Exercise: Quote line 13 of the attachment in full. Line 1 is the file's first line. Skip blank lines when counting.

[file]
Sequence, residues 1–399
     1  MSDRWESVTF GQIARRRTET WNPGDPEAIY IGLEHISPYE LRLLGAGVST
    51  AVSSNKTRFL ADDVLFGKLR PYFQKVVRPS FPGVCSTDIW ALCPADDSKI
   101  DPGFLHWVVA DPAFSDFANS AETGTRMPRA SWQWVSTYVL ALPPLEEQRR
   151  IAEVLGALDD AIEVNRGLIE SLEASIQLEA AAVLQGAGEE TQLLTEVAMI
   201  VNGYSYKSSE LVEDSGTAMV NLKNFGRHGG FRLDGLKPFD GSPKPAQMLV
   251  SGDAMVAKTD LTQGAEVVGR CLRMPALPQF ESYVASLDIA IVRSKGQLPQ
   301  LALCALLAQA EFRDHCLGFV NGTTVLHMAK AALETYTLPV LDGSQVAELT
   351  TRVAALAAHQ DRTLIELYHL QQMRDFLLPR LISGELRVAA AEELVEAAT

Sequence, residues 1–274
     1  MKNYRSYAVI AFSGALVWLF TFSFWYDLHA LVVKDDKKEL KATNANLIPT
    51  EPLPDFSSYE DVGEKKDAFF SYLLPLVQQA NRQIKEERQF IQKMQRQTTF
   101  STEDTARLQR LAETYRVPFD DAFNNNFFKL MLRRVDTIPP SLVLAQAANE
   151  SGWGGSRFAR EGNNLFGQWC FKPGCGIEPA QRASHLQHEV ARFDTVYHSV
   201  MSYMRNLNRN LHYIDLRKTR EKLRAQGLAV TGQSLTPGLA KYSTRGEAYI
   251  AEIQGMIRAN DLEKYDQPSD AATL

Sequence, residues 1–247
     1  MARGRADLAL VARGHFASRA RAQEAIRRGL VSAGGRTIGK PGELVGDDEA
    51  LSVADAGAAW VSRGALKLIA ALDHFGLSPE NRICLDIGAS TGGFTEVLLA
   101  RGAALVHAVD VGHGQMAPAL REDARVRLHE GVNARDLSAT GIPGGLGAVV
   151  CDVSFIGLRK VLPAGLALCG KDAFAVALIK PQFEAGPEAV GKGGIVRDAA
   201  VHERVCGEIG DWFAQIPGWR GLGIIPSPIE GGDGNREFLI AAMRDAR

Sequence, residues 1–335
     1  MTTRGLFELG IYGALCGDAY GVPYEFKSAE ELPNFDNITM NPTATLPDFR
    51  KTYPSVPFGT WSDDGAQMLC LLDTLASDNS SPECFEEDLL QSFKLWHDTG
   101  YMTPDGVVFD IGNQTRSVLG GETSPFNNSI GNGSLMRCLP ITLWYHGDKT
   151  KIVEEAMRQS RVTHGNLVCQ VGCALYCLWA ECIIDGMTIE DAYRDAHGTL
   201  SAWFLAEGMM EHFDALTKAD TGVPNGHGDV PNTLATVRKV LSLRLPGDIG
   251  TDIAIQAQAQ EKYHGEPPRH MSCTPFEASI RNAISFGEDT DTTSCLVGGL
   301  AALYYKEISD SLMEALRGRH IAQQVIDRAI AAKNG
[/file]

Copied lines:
   101  STEDTARLQR LAETYRVPFD DAFNNNFFKL MLRRVDTIPP SLVLAQAANE